I was commissioned to write a book called A Smaller Circle: The Search for Community in 1990 by a London publisher, Random Century, part of Random House. The acquisitions editor described it as “Small Is Beautiful [the 1970s bestseller by E. F. Schumacher] by a woman, and the catalog description read:
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A Smaller Circle: The Search for Community
“The Jane Austen of the alternative world.” –Kirkpatrick Sale
The quest for community – for a smaller circle in which to share and grow – may be the quintessential search of our time. In this moving and exploratory narrative, a young mother with American roots and European experience undertakes that quest, led on by the sense that a life which is simple, sustainable and satisfying must be achievable. Passionate, perceptive and irreverent, A Smaller Circle will challenge all who ask themselves whether, and in what conditions, community is possible.
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At that point, I was 32 years old and had lived in London for over 10 years. My first book, Home Ecology,had been published the year before and was doing well until McDonalds threatened a lawsuit as part of what became McLibel, but A Smaller Circle is still unfinished. In the years since then I have done things I couldn’t have imagined – not only the Encyclopedia of Sustainability but the Encyclopedia of Community, published in 2003 with Sage, and all our new work on and in China – and learned about the human past from world historians, especially from W. H. McNeill, in whose work the question of community comes up again and again. Bill’s innovative Moving Together in Time (Harvard 1995) is about how human communities bond through dance and movement. In fact, his 1964 bestseller, The Rise of the West (published about the same time as Silent Spring), was nearly given the title A History of the Human Community. Today I have his perspective and knowledge to draw on as I resume work on a book that is very different from anything he would write but that derives from the same curiosity about human beings and how we live together, more or less successfully.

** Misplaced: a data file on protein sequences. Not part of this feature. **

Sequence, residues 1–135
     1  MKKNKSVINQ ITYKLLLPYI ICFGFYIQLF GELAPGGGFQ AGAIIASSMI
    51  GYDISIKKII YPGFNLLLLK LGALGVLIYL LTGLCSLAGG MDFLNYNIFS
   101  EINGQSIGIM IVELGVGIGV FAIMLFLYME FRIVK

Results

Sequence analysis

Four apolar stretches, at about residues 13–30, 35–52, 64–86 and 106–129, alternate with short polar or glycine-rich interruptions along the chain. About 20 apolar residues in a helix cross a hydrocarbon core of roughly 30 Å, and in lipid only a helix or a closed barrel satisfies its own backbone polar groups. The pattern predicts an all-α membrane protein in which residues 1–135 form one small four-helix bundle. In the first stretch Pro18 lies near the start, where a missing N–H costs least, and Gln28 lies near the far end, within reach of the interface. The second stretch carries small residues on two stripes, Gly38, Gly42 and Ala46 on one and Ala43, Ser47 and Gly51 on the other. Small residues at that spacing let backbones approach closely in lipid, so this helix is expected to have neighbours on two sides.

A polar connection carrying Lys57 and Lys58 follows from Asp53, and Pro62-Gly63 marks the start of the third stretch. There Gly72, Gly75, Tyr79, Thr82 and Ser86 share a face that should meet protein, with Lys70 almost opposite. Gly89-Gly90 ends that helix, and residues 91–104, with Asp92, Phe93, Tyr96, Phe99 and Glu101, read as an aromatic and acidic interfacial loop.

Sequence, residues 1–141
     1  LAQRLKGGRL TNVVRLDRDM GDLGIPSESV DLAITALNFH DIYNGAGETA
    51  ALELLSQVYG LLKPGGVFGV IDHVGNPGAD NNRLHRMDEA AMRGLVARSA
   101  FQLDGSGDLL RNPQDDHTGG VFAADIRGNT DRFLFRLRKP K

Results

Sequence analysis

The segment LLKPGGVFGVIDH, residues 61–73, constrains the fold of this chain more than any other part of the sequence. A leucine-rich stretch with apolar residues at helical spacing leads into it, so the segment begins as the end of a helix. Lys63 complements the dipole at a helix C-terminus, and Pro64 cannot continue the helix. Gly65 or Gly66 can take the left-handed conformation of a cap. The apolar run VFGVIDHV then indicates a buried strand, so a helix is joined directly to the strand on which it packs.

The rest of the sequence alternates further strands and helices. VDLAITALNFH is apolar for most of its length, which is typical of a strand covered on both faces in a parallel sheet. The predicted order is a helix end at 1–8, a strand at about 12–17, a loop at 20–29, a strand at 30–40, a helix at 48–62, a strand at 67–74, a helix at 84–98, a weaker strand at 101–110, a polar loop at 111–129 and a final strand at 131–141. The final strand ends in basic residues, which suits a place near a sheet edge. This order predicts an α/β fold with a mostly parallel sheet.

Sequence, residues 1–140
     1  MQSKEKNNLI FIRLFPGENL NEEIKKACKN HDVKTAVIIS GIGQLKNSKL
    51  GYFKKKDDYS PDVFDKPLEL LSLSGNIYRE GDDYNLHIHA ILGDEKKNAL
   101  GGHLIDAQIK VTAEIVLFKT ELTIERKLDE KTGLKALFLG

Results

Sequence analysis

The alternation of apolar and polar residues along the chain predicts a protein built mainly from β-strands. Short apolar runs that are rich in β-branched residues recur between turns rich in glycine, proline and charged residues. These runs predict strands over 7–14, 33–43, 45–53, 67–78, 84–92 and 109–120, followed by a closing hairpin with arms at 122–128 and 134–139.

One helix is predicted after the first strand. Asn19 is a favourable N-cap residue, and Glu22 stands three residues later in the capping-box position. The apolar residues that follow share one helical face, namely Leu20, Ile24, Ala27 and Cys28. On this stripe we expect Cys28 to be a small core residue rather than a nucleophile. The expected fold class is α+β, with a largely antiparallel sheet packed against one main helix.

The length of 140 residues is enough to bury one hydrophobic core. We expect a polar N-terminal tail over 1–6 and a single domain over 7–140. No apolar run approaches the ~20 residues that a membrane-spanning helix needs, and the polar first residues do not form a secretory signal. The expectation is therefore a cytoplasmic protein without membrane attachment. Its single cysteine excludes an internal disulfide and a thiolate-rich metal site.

Instead of finding the simple country life on a commune that my editor envisioned, I’ve ended up running a global business and having a personal life that extends from Main Street to Beijing. A slogan popular around the time of Rio 1992 was, “Think globally, act locally.” Berkshire Publishing’s authors think and teach globally, but their influence, and ours, is based on how we act locally—in our neighborhoods, our towns and boroughs, in the classroom and in the boardroom. The Encyclopedia of Sustainability has been designed to help in education both local and global, and we look forward to building on this shared effort to do more and do it faster. We could be discouraged by the lack of progress since 1992. We could be discouraged by the lack of progress at Rio +20. What I tell my kids, when they complain about the mess my generation has made and the huge difficulties they’ll confront in the decades ahead, is that this is our time in human history and each of us has a chance to make a difference, in a smaller circle or a much larger one. What matters is that we find new ways to connect, share knowledge, and take action. Archimedes said, “With a lever long enough, and a place to stand, I can move the world.” Knowledge is the lever, community is our place to stand. Together we can move the world.
This blog explore the subject of community in books and in real life, in my stories and in the stories of many other people.